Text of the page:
Monday, September 30, 2013

2013 Silage Harvest: Week 5 Recap

Last week's harvest yielded several tons of sorghum silage per acre, but there's not a whole lot else worth mentioning (maybe that's a good thing). We got a good day in Monday, skipped Tuesday, had another full day of harvesting on Wednesday, and then finished filling our second pit up on Thursday afternoon. We covered and sealed that pit Friday morning, and since then we've only chopped enough sorghum to feed our cows each day.

Ten more "full" days of chopping should see us finish our harvest, but those ten days could easily be spread over three weeks. We had intended on moving into our bottomland this morning, but over an inch of rain quickly washed that thought way. Most likely we'll chop next to the dairy for the next two days and move to the creek bottom on Thursday...IF it doesn't rain anymore.

chopping sorghum on a cloudy morning

Saturday, September 21, 2013

2013 Silage Harvest: Week 4 Recap

Our silage harvest continued on this week, chopping two rows of sorghum at a time at the slow but steady pace of two acres an hour. By the end of the week, three more fields had been harvested and our cows have roughly 180 more tons of feed ready to ensile. Most of our BMR-90 sorghum variety is now "in the pit", with just over an acre's worth left still standing in a field where we planted one row of that variety along with three of BMR-108 Leafy. The yield per acre wasn't quite as good this week, mostly attributable to drier conditions at planting. Dry weather and another week of maturity also impacted plant moisture at harvest, dropping the sorghum from 68-70% moisture down to 62-65%.

Even though we had a good run this week, we weren't immune from breakdowns and maintenance downtime. Our silage wagon needed a couple hours of welding done to it Tuesday morning to patch up cracks in its frame and bed, and a snapped driveline on the chopper cost a half a day's worth of chopping. We also had to start using a different tractor to pull and power the chopper on Friday as our JD7810 needs a new internal bearing around its PTO stub. We hope to have that tractor fixed and back in the field by the end of next week.

Here are a couple of photos from this week's action:

looking back at the dairy over a field of BMR-90 forage sorghum

chopping the first few rows of our BMR-108 Leafy forage sorghum

Friday, September 20, 2013

A Bad, BAD Bull Run

We are in the midst of a bull run. A bad, bad bull run. I am talking about a bull run of epic proportions.

#113 with her newborn bull calf
To clarify, a "bull run" is what we in the dairy business call a string or streak of bull calves being born as opposed to heifer calves. This is not a great situation for farms like ours that depend on homegrown heifers to be the future of our milking herds. It's not a big deal in the short term because you generally expect that your bull-to-heifer ratio will even out over time, but a run like we're on can be a little unsettling.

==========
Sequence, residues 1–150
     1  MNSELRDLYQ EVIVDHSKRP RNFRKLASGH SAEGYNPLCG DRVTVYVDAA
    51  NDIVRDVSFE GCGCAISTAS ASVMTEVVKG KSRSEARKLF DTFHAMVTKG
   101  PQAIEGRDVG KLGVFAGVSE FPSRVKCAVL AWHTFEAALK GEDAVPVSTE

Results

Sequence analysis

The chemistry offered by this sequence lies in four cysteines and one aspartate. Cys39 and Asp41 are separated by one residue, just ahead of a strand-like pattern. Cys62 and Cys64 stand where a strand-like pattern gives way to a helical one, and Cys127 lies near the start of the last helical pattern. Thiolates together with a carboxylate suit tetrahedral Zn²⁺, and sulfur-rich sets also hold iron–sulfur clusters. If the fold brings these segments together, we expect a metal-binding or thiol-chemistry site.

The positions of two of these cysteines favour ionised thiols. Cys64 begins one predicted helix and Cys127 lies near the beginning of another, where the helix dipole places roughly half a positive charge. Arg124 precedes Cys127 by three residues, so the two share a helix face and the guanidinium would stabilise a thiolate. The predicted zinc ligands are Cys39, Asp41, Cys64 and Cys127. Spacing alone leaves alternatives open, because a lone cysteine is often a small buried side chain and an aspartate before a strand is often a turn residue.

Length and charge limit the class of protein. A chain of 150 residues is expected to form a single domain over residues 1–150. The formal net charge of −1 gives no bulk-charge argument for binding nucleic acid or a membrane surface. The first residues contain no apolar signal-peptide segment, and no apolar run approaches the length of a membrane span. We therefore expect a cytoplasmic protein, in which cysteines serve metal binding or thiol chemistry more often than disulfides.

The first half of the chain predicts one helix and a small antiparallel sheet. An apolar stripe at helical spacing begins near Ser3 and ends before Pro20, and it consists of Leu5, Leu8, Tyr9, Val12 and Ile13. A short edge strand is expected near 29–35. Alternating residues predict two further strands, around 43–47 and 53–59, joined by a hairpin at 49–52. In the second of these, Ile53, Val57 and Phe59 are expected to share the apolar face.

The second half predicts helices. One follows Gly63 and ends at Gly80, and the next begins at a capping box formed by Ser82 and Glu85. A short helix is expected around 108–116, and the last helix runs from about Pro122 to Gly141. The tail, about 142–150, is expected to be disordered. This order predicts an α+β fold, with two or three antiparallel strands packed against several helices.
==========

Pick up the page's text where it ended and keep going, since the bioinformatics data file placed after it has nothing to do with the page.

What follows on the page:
So how bad is our bull run? We've had 35 calves born over the last 37 days. Only five of those have been heifers, three of which are Holstein/Angus crosses that will be sold for beef. We've had bull runs before, but nothing like this. Luckily we have built a good local demand for our bull calves, but I'm ready to see our own calf barn start filling up again.

All bad bull runs come to an end, of course, and the law of probability says that we should have quite a few heifer calves born from the group of 25 cows currently in the maternity pasture. Here's hoping we go on a "heifer run" and get back to normal sooner than later!

UPDATE: A cow gave birth to a heifer calf late this morning...I guess I should have blogged about our bull run sooner!

Saturday, September 14, 2013

2013 Silage Harvest: Week 3 Recap

Much like last week, our silage chopper was in the farm shop more than the field during the first part of the week. We anticipated being down for a day to replace a set of bearings, but we found other parts that needed replacing as well. It was Wednesday morning before we finally had the new parts in and the chopper all put back together. Since then we've chopped 18 of our 50 acres of BMR-90 forage sorghum, which is yielding an estimated 7-8 tons per acre. Barring any more major maintenance issues [knocking on every piece of wood I can find] we should finish chopping this particular variety next week. We will then move on to our final silage crop of the year: 100 acres BMR-108 Leafy forage sorghum.

Here are a few photos from this week's harvest:

a half-harvested sorghum field

our BMR-90 forage sorghum is averaging 7-8 tons/acre

the BMR-108 Leafy variety is about a food shorter than the 90 but much more, well, leafy

Friday, September 13, 2013